Twigs are slender, long, flexible, and round or somewhat six-sided. First-year twigs are pale green and covered with downy, rust-colored hairs at first, becoming gray or dull grayish-brown, smooth, and hairless. Second-year twigs are brown to reddish-brown or grayish brown, and may be somewhat covered with a whitish, waxy bloom (glaucous). The twigs have an unpleasant odor when bruised. The pith is white and solid. The leaf scars are narrow, crescent-shaped, and slightly raised. Each leaf scar has three bundle scars. The terminal bud is brownish-gray, hairless, ¾ inches to 1¼ inches long, oblong cone-shaped, and somewhat flattened, with a swollen, bulbous base and a long, tapered tip. It is covered by two sharply pointed, abutting but not overlapping, sharply-pointed scales. Lateral buds are about half as long, are not swollen at the base, and are often curved.
The bark is grayish-brown and smooth at first, becoming rough and shallowly furrowed with irregular, scaly plates with a few warty bumps and becoming scaly with age. Young stems can also have a rusty-brown downy appearance. When broken, the bark has a skunk-like odor. The flower buds that form on the tips of last year’s twigs are distinctive with a round base tapering to a long pointed spire.
Leaves are opposite, undivided (simple), and deciduous. They are attached to the twig on a ⅝ inches to 1¼ inches long leaf stalk (petiole). The petiole is channeled on the upper side and has conspicuous wavy wings. It is moderately to densely covered with microscopic, red, star-shaped hairs when young, becoming hairless or nearly hairless at maturity. There are no projecting glands near the attachment of the leaf blade. There are no leaf-like appendages (stipules) at the base of the petiole. The leaf blades are relatively thin, broadly egg-shaped to elliptical or broadly elliptical, 2 – 4 inches long, and 1⅜ – 2⅜ inches wide. They are rounded or broadly tapered at the base and taper to a short, sharp point at the tip with concave sides along the tip. They are pinnately veined. The lateral veins are evenly spaced, curve toward the tip, and form a network with adjacent veins without reaching the margin. The upper surface is dark green or yellowish-green and glossy, with scattered, microscopic, red, star-shaped hairs when young, becoming hairless at maturity. The lower surface is pale green with tiny, dark brown dots. The margins have more than 25 fine, sharp, forward-pointing teeth on each side. The leaves turn red or reddish-purple in the fall.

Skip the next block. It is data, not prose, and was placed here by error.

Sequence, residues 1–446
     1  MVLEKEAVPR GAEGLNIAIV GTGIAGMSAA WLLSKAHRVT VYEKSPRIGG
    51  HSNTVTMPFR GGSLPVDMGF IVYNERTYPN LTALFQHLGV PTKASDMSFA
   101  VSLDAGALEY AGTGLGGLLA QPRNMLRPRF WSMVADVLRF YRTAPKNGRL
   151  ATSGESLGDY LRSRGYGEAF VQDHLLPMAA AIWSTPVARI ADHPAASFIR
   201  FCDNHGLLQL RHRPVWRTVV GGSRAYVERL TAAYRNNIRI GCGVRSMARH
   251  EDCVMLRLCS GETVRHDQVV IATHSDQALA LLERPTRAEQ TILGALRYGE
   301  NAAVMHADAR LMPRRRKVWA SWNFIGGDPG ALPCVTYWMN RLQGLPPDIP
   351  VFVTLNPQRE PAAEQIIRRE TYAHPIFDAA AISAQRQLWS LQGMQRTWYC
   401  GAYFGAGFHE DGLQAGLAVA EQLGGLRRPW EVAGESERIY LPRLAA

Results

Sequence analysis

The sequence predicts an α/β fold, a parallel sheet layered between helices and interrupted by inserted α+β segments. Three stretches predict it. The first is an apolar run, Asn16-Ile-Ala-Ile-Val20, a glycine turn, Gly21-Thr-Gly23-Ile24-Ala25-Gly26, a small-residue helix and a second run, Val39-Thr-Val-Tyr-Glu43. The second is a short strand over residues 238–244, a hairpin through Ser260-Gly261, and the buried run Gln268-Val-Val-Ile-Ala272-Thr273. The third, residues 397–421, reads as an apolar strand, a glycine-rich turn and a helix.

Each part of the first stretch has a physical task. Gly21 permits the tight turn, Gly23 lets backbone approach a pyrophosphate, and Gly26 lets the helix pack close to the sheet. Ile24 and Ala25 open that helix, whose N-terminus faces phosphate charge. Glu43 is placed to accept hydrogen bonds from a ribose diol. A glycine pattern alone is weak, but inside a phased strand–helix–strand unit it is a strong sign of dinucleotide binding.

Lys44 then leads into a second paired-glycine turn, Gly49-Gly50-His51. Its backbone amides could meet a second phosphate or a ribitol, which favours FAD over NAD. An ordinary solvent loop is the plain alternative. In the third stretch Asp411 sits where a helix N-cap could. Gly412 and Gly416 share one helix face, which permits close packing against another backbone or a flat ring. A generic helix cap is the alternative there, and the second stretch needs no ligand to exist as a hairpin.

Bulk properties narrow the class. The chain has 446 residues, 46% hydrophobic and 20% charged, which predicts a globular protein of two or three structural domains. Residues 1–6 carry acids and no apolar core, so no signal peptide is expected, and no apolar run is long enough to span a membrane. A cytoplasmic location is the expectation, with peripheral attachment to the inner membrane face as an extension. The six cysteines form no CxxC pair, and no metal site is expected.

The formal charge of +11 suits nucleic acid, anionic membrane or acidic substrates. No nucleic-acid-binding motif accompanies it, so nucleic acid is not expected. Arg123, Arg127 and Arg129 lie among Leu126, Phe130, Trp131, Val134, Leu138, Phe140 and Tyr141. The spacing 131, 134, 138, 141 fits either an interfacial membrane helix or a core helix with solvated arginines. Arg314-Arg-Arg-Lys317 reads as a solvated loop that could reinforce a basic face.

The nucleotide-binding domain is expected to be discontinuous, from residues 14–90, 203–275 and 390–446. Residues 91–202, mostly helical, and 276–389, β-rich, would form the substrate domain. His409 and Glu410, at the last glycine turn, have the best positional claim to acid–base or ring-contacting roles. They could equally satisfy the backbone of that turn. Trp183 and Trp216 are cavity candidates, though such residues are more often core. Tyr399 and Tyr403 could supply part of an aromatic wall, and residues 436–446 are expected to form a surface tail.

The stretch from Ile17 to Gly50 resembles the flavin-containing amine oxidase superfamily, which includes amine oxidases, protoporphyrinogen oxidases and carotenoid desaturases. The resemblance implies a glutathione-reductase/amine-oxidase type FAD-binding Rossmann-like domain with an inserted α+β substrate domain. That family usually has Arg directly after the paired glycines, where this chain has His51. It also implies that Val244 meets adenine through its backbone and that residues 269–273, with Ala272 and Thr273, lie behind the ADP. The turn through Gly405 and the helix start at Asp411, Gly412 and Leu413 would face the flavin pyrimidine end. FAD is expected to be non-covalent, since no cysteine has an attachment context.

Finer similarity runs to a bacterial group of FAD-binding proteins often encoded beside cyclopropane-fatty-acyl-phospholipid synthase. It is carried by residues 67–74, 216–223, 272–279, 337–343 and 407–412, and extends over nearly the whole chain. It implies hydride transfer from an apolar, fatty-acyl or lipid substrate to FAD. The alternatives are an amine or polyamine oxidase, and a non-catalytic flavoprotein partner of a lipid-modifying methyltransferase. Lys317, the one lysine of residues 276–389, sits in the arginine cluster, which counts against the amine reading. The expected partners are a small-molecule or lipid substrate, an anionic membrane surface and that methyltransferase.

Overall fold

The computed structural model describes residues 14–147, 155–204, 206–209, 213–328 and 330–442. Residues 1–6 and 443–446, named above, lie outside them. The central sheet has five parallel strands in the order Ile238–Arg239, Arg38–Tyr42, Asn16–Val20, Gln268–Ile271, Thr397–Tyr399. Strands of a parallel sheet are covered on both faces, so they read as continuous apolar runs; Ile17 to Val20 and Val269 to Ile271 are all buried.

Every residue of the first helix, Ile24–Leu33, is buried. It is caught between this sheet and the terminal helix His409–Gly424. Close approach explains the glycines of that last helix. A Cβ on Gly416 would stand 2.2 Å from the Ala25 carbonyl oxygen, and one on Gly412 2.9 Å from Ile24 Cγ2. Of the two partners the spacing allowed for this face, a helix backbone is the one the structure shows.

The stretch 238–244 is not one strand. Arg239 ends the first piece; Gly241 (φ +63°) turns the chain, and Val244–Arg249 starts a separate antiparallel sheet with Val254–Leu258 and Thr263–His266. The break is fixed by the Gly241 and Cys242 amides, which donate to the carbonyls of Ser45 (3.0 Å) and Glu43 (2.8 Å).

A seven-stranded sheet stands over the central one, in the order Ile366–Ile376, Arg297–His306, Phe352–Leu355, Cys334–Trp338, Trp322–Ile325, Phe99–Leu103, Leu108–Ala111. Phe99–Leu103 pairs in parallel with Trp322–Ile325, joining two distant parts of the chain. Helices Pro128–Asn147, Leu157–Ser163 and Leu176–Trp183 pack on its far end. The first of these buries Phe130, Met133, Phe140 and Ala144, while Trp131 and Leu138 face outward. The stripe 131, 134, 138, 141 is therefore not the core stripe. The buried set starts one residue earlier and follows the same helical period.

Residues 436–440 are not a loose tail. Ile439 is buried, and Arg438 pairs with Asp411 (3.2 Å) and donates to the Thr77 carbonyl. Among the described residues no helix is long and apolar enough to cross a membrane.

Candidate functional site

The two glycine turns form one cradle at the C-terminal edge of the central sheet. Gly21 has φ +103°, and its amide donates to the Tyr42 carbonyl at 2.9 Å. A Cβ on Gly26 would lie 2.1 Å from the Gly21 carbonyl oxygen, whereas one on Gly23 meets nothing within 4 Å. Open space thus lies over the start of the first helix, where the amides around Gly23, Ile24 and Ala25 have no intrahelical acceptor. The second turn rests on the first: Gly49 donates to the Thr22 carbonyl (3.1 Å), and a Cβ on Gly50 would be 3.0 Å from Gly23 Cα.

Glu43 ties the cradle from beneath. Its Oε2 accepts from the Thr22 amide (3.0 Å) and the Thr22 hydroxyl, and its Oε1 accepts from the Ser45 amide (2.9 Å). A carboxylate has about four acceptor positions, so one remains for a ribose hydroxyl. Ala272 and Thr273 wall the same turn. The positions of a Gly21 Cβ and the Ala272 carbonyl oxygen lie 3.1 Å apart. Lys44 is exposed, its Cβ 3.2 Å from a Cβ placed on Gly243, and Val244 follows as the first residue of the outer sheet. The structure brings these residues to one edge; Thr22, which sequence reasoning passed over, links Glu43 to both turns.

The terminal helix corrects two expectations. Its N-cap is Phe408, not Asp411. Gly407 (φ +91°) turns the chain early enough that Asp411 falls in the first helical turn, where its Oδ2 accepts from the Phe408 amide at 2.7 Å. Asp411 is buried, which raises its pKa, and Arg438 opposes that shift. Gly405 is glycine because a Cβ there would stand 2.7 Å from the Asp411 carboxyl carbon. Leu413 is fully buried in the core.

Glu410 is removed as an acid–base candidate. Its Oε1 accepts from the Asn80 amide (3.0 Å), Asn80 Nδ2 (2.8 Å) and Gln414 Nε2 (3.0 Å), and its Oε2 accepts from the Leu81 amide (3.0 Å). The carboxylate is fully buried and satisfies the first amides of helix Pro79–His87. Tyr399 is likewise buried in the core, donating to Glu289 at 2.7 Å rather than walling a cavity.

The inflorescence is a dense, rounded, shallowly convex, 2 – 4 inch in diameter, branched cluster (cyme) at the ends of the current-year branches. The cymes have usually 3 to 5, sometimes up to 7, main branches originating from the tip of the branch. Each cyme has a few hundred to several hundred small flowers.
Flowers are 1/8 – 5⁄16 inches in diameter. There are five sepals, five petals, five stamens, and no style. The sepals are green, fused for most of their length into a minute cup (calyx), and separated at the tip into five minute, egg-shaped lobes. The petals are pale yellow to creamy white, egg-shaped to elliptical and 1 ⁄16 – 1/8 inches long. The stamens have white filaments and bright yellow anthers. They are 1/8 – 3 ⁄16 inches long, longer than the petals. There is a three-lobed, stalkless stigma on a short disk (stylopodium) at the top of the ovary. The flowers on the margin are fertile and are similar in appearance and size to the other flowers. The flowers are not fragrant. Flower stalks are hairless and green to red. They appear in mid-May to early June.
Fertile flowers are followed by edible, juicy, berry-like, and ellipse-shaped to nearly spherical, somewhat flattened, 8–16 mm (0.31–0.63 in) long drupe that hangs from reddish stem. The fleshy interior of each drupe is somewhat juicy and sweet, tasting like a raisin or date. drupes consist of a single large stone seed that occupies much of the volume of the drupe. The stone is oblong oval, flattened and dark-colored. The fruit is initially green turning to bluish-black and glaucous at maturity. The calyx and stigma persist in fruit, forming a dried tip at the end (apex) of the drupe. The pedicels turn red as the fruit matures. The fruit ripens in late August to late September, often remaining on the plant through the winter.
The ripe fruit is eaten by many birds and animals usually after it has frozen and thawed as the fruit then turns sweet. Over ripe fruit smells like wet sheep wool, hence one of the alternate common names of Sheepberry. Humans will find the fruit barely palatable. Cooking has not found it any better.